Harpsichord makers create and assemble parts to make harpsichords according to specified instructions or diagrams. They sand wood, tune, test and inspect the finished instrument.
The following job titles also refer to harpsichord maker:
harpsicord quality tester
harpsicord quality inspector
No formal educational credential is generally required to work as a harpsichord maker.
ISCO skill level
ISCO skill level is defined as a function of the complexity and range of tasks and duties to be performed in an occupation. It is measured on a scale from 1 to 4, with 1 the lowest level and 4 the highest, by considering:
- the nature of the work performed in an occupation in relation to the characteristic tasks and duties
- the level of formal education required for competent performance of the tasks and duties involved and
- the amount of informal on-the-job training and/or previous experience in a related occupation required for competent performance of these tasks and duties.
Harpsichord maker is a Skill level 2 occupation.
Harpsichord maker career path
These occupations, although different, require a lot of knowledge and skills similar to harpsichord maker.
Long term prospects
These occupations require some skills and knowledge of harpsichord maker. They also require other skills and knowledge, but at a higher ISCO skill level, meaning these occupations are accessible from a position of harpsichord maker with a significant experience and/or extensive training.
Essential knowledge and skills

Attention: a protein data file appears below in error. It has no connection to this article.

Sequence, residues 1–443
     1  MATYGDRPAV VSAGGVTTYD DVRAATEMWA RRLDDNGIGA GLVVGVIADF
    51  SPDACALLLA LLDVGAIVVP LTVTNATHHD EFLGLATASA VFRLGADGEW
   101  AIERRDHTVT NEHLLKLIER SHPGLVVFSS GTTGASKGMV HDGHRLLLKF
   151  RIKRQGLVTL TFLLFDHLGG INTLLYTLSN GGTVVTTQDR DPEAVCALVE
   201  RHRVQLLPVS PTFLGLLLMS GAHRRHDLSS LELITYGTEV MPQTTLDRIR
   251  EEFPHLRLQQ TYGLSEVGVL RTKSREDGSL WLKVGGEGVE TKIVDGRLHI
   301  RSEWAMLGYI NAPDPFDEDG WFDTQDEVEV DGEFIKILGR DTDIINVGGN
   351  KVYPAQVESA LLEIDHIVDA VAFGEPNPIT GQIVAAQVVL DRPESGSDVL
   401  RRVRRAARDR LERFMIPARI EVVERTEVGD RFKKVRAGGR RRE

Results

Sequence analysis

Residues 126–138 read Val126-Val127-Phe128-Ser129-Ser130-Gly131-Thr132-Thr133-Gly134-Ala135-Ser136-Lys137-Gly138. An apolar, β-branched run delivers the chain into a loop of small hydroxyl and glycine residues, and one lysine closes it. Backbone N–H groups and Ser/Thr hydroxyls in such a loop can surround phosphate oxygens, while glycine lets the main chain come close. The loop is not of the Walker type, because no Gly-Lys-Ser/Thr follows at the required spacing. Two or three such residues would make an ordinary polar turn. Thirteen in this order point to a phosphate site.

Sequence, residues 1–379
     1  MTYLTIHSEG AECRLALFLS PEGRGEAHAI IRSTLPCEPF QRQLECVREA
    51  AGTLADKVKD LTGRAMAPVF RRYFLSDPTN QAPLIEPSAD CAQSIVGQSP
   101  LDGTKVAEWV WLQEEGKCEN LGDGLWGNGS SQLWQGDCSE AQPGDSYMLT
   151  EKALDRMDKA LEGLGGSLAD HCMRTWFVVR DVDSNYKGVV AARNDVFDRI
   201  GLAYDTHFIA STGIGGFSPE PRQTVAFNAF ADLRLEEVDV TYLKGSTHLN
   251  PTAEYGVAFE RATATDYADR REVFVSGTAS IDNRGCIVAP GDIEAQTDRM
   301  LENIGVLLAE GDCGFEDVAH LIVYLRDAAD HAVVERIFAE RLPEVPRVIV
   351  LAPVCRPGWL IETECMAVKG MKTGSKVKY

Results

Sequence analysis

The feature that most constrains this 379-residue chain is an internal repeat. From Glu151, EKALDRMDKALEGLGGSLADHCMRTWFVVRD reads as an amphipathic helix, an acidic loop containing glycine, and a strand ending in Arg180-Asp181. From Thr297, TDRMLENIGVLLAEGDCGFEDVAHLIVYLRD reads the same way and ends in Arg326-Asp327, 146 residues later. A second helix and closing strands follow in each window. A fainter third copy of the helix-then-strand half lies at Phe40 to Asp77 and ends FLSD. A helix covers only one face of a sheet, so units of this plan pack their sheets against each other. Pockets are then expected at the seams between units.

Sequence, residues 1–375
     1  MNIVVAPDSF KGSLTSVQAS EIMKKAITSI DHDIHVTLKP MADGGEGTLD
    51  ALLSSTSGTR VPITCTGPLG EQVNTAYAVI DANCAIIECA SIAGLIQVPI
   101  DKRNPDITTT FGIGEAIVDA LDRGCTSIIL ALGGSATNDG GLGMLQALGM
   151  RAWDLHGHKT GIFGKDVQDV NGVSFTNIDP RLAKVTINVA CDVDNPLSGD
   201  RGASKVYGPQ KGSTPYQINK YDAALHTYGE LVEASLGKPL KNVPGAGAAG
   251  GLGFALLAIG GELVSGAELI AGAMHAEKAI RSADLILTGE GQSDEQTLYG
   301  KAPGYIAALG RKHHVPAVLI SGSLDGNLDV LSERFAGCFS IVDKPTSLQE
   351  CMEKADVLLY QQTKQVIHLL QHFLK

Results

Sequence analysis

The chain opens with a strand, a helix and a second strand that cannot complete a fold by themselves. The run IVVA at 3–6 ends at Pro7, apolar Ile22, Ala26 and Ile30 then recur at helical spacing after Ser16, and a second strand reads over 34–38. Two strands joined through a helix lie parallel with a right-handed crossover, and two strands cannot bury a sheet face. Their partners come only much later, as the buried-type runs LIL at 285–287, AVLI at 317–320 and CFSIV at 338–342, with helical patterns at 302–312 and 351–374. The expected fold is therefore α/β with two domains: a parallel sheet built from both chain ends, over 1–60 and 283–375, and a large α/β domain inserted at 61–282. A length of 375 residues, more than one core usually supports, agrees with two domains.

This knowledge should be acquired through learning to fulfill the role of harpsichord maker.
- Musical instruments: The different musical instruments, their ranges, timbre, and possible combinations.
- Woodturning: Process of shaping wood on a lathe and its types, namely spindle turning and faceplate turning.
- Metalworking: The process of working with metals to create individual parts, assemblies, or large-scale structures.
- Tuning techniques: Tuning pitches and techniques and musical temperaments for the various instruments.
- Musical instruments materials: The characteristics of composite materials, felts, glues, leathers and skins, metals and precious metals, woods and wood derivatives to create musical instruments.
Essential skills and competences
These skills are necessary for the role of harpsichord maker.
- Restore musical instruments: Restore old musical instruments to their original condition and conserve them in that state.
- Repair musical instruments: Attach new strings, fix frames or replace broken parts of musical instruments.
- Join wood elements: Bind wooden materials together using a variety of techniques and materials. Determine the optimal technique to join the elements, like stapling, nail, gluing or screwing. Determine the correct work order and make the joint.
- Create musical instrument parts: Design and create parts such as keys, reeds, bows, and others for musical instruments.
- Maintain musical instruments: Check and maintain musical instruments.
- Manipulate wood: Manipulate the properties, shape and size of wood.
- Decorate musical instruments: Create designs on musical instruments by using methods such as embossing, piercing, painting, woodworking, weaving, and other methods.
- Create smooth wood surface: Shave, plane and sand wood manually or automatically to produce a smooth surface.
- Apply a protective layer: Apply a layer of protective solutions such as permethrine to protect the product from damage such as corrosion, fire or parasites, using a spray gun or paintbrush.
- Sand wood: Use sanding machines or hand tools to remove paint or other substances from the surface of the wood, or to smoothen and finish the wood.
- Produce harpsichord components: Choose the appropriate materials and tools, and build the components of musical instruments such as harpsichords, clavichords or spinets. Create components such as sound boards, jacks, strings and keyboards.
- Assemble musical instrument parts: Assemble parts together such as the body, strings, buttons, keys, and others to create the final musical instrument.